The third in a series of essays featured in conjunction with Greenwich Faces the Great War.
Col. J. Alden Twachtman: Artist as Soldier
By Karin J. Crooks, Volunteer Researcher
In spring 1914, the future shone for John Alden Twachtman (1882–1974), eldest child of American Impressionist and nucleus of the Cos Cob art colony, John Henry Twachtman (1853–1902). Wealthy patrons nationwide increasingly commissioned architectural murals from this Yale School of Fine Arts graduate who had studied architecture at L’Ecole des Beaux-Arts. Returning to Greenwich in 1911 to build a small home for his family atop his mother’s Round Hill Road property, Alden co-founded the Greenwich Society of Artists in 1912, the Greenwich Riding Association in 1913 and the Greenwich Bird Protective Society in 1914.
Alden’s mother Martha was travelling in France just before the Great War was ignited on June 28. Shock from Germany’s invasion of Belgium and horror from its army’s treatment of Belgian and French civilians and destruction of their cultural treasures immediately arose amongst the Greenwich artists who had lived and studied there over the past decades, including the Twachtman family. By October 1914, the War’s shadow loomed, as Alden’s wife Louise wrote in her diary, “We are going to have a baby in March! … And Eric [their eldest] is strong and very happy. There is only the horror of the War hovering over us…”
In February 1916, risking his regular income stream, Alden enlisted as a private in the Connecticut National Guard, Battery F, 10th Military Field Artillery, a unit composed of mainly Greenwich men. This was not his first military experience. Like many Yale students stirred by the Spanish-American War, Alden served with the C.N.G. from 1898 to 1900. Even earlier, growing up in Cincinnati, Ohio, until age seven, Alden was exposed to tales of the Civil War. Alden’s immigrant grandfather, Christian Twachtman, trained in the German military, served in a local militia during the Civil War defending the German sector from the Confederate troops on Cincinnati’s doorstep. Christian had raised his family along Washington Park, where city troops drilled and German emigrants strongly supported the Union cause. Ironically, in 1917, Alden would be fighting against his father’s own German kinfolk.
In preparation for a Mexican war, Battery F was called into service in June 1916, and Alden was appointed a second lieutenant, commencing his rapid rise in the officer ranks. After training in Tobyhanna, Pennsylvania, he was made captain of Batteries E and F before embarking for El Paso, Texas. Popular and resourceful, Alden would draw on his architectural skills to train his men in superior artillery speed and accuracy, on his expert horsemanship to manage the transportation of artillery and on his rich cultural background to keep the men entertained in down times.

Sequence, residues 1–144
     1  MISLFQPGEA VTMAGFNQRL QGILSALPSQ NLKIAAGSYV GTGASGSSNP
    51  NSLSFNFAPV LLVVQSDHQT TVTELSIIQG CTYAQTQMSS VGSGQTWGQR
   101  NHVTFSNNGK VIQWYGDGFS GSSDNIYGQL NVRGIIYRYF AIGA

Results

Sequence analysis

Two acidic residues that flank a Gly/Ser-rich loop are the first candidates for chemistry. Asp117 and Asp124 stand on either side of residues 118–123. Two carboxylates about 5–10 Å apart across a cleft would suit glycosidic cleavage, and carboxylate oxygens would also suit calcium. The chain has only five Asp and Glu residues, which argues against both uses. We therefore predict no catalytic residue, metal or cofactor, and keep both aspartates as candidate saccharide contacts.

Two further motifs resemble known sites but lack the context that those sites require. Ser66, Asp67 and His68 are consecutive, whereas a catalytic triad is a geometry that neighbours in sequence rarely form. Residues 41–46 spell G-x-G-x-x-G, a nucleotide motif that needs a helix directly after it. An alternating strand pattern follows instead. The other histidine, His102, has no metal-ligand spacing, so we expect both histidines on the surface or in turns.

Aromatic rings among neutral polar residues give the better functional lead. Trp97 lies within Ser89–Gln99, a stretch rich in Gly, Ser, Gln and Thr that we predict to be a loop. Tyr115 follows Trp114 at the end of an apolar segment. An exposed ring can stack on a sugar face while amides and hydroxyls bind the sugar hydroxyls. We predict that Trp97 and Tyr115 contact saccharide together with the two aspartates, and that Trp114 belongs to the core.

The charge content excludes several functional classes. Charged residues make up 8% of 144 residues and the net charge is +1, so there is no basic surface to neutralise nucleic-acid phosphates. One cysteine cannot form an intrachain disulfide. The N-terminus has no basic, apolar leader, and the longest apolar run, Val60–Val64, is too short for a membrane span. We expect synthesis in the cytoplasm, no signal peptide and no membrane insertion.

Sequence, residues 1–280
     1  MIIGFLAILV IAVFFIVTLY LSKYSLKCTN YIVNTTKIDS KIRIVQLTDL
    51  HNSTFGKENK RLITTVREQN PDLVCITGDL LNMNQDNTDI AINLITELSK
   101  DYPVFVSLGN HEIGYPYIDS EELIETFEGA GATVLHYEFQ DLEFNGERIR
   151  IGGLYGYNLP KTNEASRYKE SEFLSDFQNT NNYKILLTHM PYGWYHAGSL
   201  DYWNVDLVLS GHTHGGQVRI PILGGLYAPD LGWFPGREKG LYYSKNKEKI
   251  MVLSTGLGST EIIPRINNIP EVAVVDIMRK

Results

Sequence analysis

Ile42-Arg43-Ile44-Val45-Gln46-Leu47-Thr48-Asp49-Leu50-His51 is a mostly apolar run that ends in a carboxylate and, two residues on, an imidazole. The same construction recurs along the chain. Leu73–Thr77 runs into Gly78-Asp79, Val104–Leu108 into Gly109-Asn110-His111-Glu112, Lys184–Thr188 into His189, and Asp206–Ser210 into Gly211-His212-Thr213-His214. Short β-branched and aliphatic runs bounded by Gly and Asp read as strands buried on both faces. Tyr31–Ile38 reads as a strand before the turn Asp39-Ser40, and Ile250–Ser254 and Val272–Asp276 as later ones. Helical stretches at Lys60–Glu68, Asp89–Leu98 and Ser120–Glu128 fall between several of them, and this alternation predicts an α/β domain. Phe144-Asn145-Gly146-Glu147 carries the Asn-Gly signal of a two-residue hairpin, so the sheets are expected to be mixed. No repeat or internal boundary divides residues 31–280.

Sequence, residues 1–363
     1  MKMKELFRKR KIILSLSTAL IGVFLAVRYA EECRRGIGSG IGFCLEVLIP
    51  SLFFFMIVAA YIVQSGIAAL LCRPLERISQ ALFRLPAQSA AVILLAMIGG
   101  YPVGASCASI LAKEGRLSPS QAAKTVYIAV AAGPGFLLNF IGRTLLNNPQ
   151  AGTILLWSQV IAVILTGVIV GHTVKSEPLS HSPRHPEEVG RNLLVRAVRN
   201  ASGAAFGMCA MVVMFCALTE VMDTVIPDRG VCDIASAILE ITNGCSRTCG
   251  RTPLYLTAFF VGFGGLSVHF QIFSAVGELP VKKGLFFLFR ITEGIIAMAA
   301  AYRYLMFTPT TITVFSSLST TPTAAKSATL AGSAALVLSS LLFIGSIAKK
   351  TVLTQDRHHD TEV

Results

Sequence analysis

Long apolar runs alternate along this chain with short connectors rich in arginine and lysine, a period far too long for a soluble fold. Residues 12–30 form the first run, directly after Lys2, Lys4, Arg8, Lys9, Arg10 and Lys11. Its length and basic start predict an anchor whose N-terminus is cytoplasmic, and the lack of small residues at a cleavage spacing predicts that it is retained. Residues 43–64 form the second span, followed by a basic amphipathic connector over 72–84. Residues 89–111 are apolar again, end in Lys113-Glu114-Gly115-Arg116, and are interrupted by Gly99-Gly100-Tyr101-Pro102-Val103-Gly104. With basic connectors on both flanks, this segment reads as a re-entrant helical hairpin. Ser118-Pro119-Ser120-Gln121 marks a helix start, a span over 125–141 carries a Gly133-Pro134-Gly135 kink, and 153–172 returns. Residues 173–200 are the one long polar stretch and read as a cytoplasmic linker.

Soon after returning from Mexico, Alden’s batteries were drafted into service for the Great War, and in August 1917, absorbed into the 103rd Field Artillery regiment (the only “heavy artillery” unit) of the new 26th (“Yankee”) Division of the American Expeditionary Forces, composed entirely of National Guard units from New England. After further training in 155 mm howitzers at Fort Sill, Oklahoma, Alden was promoted to the rank of major as commanding officer, third battalion, September 1917, before embarking for Coëtquidan, France. There the 103rd F.A. trained with French troops, and he wrote to his mother Martha, “I cannot tell you how strange it feels to be over here in your France near places we have been in, to be an army officer this time with 500 men under me and artillery of immense strength.…It is my right and duty as an American…to be in this fight, the greatest crusade this mind could imagine…” With like spirit, Louise had bid farewell to him on October 8: “…we saw them off from the Boxford station – Alden stood on the platform of the rear car. He looked superb – Pride dried the tears in my heart before they reached my eyes.” She would wear his dog tags from captain rank around her neck on a satin ribbon until he returned.
As the 103rd F.A. slogged through engagements in the tiny sector of the Western Front where the A.E F. fought from February to November 11, 1918, Alden rose to full colonel and earned a division citation of gallantry for his courage during the Chateau-Thierry drive as well as the Army’s Distinguished Service Medal for his “courage, marked ability and leadership qualities…[rendering] maximum support to the infantry to which he was attached, thereby contributing in a large measure to their successes” in the Aisne-Marne, St.-Mihiel and Meuse-Argonne offensives. In April 1919, Col. Twachtman returned to Greenwich, his family and his profession as architect and artist.
Our deep appreciation goes to essayist Karin Crooks for producing this article and for her tireless efforts in support of Greenwich Faces the Great War.